Something a little different then…. The car is question is an 1982 Alfa Romeo gtv6 2.5 and the project is to recommission and improve it.
Around 20-years ago this car underwent a bare metal restoration and restomod of sorts way before it became a thing. I suppose blokes in sheds have always been modifying cars and manufactures like Alfa who were strapped for cash in the 80’s and 90’s tended to re-use mechanical components with many components shared between the Alfetta/ Guiletta/ gtv/ gtv6/ 75/ SZ and 164. The advantage being upgrades could often be retro-fitted to the older models. This gtv6 was fitted with a later 3.0 12v engine from the Alfa 164 which increased the power output from 160-190bhp. The gearbox was sourced from an Alfa 75 twinspark which had the advantages of better ratios, improved linkage, LSD and a single plate clutch over the v6 twin plate, an advantage which only manifested itself in 2019 when it transpired that the single plate clutch costs £170 versus £850 for the double (IF) you can find one!
This gtv6 also benefited from the well regarded Harvey Bailey handling kit, power steering and a nice Ansa stainless steel exhaust. The gtv6 had been parked up since 2008 with a host of problems which oddly didn’t fix themselves over the period! So 10-years later in August 2018 it was loaded up and sent to NI Alfa Romeo specialist JRC Auto to begin the recommissioning process.
There was a long list of “potential problems” issued with the car all of which were “actual problems” however its best to tackle big projects step by step.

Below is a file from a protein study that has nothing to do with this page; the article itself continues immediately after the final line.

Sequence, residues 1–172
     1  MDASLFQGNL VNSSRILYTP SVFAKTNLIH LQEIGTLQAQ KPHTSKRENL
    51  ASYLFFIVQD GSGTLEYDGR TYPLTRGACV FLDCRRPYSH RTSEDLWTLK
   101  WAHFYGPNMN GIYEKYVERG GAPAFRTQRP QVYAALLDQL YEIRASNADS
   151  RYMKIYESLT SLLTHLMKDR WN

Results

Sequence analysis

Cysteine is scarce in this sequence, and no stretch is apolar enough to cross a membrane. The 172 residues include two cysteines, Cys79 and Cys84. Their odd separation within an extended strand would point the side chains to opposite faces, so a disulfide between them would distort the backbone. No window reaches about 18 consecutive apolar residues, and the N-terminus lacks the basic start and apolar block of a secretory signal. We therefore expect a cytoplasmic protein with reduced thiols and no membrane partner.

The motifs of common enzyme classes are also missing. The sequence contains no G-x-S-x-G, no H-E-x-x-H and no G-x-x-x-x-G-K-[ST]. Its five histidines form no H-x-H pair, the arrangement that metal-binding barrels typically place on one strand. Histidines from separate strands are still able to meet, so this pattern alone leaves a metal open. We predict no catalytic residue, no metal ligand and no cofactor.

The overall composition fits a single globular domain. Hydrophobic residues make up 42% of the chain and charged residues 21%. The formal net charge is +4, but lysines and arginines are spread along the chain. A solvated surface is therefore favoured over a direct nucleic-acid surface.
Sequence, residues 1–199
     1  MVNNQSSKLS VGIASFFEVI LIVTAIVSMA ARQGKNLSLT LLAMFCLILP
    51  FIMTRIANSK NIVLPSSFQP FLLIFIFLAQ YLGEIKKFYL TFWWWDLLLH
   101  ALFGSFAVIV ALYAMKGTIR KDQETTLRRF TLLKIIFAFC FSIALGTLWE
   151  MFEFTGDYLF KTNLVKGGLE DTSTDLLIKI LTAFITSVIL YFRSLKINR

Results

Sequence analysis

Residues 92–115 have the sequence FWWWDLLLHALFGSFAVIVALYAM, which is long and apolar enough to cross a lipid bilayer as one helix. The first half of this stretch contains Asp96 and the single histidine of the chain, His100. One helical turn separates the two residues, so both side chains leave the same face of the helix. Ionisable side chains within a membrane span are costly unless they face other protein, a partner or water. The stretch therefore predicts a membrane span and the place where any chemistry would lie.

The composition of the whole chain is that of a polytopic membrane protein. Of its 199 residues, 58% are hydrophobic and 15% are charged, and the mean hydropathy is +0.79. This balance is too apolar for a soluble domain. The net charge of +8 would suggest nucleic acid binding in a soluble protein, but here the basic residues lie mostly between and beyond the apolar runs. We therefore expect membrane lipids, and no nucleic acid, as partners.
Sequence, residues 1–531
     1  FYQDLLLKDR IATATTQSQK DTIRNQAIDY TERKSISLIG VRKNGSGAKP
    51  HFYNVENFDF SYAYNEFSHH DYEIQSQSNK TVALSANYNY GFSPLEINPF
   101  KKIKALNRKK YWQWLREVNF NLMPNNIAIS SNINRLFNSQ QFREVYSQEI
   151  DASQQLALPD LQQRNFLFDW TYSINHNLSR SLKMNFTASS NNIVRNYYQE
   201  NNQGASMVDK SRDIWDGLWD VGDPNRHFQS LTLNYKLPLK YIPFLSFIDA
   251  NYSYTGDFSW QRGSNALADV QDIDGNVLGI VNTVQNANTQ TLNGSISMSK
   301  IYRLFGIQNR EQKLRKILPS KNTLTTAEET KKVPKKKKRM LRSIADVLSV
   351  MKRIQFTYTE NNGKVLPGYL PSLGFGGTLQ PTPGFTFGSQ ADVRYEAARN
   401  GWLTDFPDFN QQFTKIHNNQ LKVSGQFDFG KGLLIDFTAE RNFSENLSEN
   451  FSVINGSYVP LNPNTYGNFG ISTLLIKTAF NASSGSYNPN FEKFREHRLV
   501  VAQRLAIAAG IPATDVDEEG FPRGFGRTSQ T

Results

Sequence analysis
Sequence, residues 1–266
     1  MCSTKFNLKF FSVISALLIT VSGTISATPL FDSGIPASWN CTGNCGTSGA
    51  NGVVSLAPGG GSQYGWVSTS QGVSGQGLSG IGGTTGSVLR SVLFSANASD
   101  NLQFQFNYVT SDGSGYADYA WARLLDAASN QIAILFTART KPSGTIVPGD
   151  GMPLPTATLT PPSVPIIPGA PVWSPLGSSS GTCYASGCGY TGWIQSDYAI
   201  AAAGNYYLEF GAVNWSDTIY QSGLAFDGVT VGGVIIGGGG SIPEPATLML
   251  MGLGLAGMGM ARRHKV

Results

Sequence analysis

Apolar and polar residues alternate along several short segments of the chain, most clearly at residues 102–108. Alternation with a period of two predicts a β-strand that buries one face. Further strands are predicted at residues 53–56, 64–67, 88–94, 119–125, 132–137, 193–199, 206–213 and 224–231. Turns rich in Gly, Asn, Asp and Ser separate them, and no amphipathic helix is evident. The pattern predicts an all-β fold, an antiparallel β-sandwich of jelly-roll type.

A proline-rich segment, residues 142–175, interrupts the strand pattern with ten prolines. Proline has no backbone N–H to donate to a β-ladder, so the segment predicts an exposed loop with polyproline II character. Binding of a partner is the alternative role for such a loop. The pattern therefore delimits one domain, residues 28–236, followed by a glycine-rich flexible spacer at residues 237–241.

First problem to tackle was badly routed and corroded brake lines. The whole car was like spaghetti junction and there wasn’t a lot of logic, performance or safety associated with the current installation. Below are a couple of example pics of brake line oddities:
With some careful thought and attention the entire brake line system was removed and carefully replaced, routed and safely secured. Below are a few much improved images:
With that work completed attention turned to the gearbox. While sitting up for 11-years the clutch plate had welded itself to the flywheel and liklihood was that the slave cylinder was also kaput! The gearbox was removed and a list of necessary parts drawn up which included: Clutch kit, slave cylinder, diff mount, rear guibo, hose and handbrake cable (since it is inboard and wise to change while the gearbox is out).
So with new brake lines and clutch completed the project took an unexpected turn due to a chance meet on instagram with a fellow Alfisti. Stay tuned for part 2 (Wheels)